SUSPECTED CASE ON THE CERBERUS
VESSEL IN QUARANTINE
The Age, 14 May 1900.
The bubonic event of the past forty-eight hours is the discovery of the man with plague symptoms on board H.M.V.S. Cerberus, and the consequent placing of the entire ship’s company in quarantine. On Friday evening, Alfred Hands, a fireman, aged 36 years, came up from the stokehole complaining of pains in the right groin. He feared he had ricked himself at his work. About 10 o’clock he felt worse, vomited, had a severe headache and spoke of pains all over the body. Dr. J.C. Johnston, who was on his way with Byron, the Port Melbourne patient, to the quarantine station at Point Nepean, was luckily available, and went aboard at Commander Tickell’s request. The doctor examined Hands, and learnt that the fireman had pains in the stomach, extreme thirst, was very sleepy and had the other symptoms mentioned. Dr. Johnston took a serious view of the man’s condition, so reported the matter to Dr. Gresswell, who instructed Dr. McLean to immediately visit the Cerberus. Dr. McLean did so early on Saturday morning, and on examination found a small gland in the patient’s right groin enlarged and very tender. Hands was also seen to be in a very excited and hysterical state. The decision was soon arrived at that for safety’s sake the man must be transferred to Point Nepean, and the entire war ship put into quarantine. This dictum was soon compiled with, the man put ashore in charge of Dr. Johnston, who now joins his friend Dr. Ball, and the vessel in the afternoon steamed away to the Heads for fumigation and a holiday. Precautions, however, did not cease when Commander Tickell, Lieutenant Biddlecombe and some 50 other officers and men were made prisoners of militant sanitation. Hands was in the habit of going ashore three nights a week, and on Thursday was at his home, 132 Westgarth-street Fitzroy. Immediately, therefore, the patient had been dealt with Dr. Gresswell sent the police to this house and had it isolated. There Dr. Elkington took command, and found Mrs. Annie Hands, the wife, and three children, Mrs. Geo Martin, a relation, and, hardest of luck, Fred Jackson, a mate of Hands’s, from the Cerberus. All were placed in duranee vile; the neighbors at 126 West-garth street, Mr. Stacey and family, were inoculated, and the entire furniture and the buildings around the house fumigated with thoroughness.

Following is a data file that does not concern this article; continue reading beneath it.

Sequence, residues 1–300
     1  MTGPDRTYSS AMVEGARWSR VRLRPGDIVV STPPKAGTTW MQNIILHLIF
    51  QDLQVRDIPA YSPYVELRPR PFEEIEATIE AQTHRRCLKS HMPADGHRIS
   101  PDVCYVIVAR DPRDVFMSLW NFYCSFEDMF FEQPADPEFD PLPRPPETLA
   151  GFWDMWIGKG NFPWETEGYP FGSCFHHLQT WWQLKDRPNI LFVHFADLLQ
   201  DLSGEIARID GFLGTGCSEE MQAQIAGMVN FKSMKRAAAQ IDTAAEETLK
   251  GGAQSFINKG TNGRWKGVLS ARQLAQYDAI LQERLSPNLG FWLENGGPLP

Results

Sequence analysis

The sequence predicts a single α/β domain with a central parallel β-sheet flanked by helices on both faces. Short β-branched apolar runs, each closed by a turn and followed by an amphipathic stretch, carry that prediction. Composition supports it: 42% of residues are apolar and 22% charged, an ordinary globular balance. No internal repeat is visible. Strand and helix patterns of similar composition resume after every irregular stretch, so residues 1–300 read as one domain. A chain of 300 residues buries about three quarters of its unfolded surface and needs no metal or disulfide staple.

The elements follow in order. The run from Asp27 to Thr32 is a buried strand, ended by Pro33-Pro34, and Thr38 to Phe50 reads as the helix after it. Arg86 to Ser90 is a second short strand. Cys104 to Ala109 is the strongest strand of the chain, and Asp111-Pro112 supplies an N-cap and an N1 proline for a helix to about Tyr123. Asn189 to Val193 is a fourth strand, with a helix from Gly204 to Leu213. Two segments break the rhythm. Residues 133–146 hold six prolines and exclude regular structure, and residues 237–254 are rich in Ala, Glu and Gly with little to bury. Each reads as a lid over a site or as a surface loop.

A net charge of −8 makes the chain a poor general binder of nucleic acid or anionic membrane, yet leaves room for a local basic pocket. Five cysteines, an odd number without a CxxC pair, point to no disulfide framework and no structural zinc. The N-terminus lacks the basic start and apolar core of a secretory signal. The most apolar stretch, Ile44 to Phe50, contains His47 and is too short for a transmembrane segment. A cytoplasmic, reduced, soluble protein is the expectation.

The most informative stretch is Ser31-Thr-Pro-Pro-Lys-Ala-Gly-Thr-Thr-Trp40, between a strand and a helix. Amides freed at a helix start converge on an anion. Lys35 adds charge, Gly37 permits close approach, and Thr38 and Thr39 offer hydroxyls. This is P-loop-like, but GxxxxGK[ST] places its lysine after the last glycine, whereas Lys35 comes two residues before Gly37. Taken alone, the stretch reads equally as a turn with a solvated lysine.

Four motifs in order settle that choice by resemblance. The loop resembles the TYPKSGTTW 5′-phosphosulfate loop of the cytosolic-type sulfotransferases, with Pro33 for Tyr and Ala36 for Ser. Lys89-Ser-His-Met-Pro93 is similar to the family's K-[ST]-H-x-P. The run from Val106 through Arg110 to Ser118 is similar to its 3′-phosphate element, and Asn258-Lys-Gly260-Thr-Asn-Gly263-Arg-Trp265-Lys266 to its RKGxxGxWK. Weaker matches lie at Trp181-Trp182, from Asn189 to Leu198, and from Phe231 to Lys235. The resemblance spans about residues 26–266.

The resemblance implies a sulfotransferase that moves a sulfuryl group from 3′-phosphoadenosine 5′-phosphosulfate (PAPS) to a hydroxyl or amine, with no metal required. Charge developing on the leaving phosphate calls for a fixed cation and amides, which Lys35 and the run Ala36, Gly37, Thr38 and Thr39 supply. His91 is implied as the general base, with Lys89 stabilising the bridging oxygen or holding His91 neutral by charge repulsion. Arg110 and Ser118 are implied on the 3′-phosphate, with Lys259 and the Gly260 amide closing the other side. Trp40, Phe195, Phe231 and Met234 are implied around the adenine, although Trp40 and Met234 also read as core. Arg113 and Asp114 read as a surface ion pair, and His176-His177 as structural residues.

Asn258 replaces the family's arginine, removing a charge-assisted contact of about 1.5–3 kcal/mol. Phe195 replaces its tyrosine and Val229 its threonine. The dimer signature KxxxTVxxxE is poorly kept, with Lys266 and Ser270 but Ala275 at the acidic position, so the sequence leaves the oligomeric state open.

No. 132 Westgarth-street is a corner house, of weatherboard, single storied, with a right of way running on one side, and a small yard at the back. Externally, “Drayton,” for that is the name of the house, looks pleasant and from a high hygienic point of view the internal conditions are said to be open to adverse comment. Hands and his family, however, have only been in occupation since 4th May, and the man himself has only slept there four nights. He previously lived at 24 Foot-street, South Melbourne, which has, with 132 Westgarth-street, been disinfected by the Board of Health officers.
Westgarth-street being close to two of the main tram lines, Hands’s house and its watchful policemen were objects of much more or less impertinent curiosity all Saturday. Public interest was also markedly shown on Sunday morning, when all the occupants were taken away, en route for the now thickly populated quarantine station. Many who observed the departure secretly made up their minds to follow the example of the Lancaster family close by, and get inoculated. The fact that Hands was at present merely under observation, and that his case had yet to be fully diagnosed, made little difference with plague-frightened enthusiasts.
The Cerberus will be kept in quarantine for about five days – longer, if Hands’s condition should develop into that of plague in bad form. It has not been thought necessary to quarantine the men at the Williamstown Naval Depot, but they are being inoculated. There is no evidence that they were recently in contact with the fireman.
The plague list now stands:–
Byron, Port Melbourne
All three are safely at Point Nepean, and on latest advices, Sunday evening, were progressing favorably. Drs. Ball and Johnston have their hands full just now, the strict observation of the 20 or more “contacts” demanding great vigilance.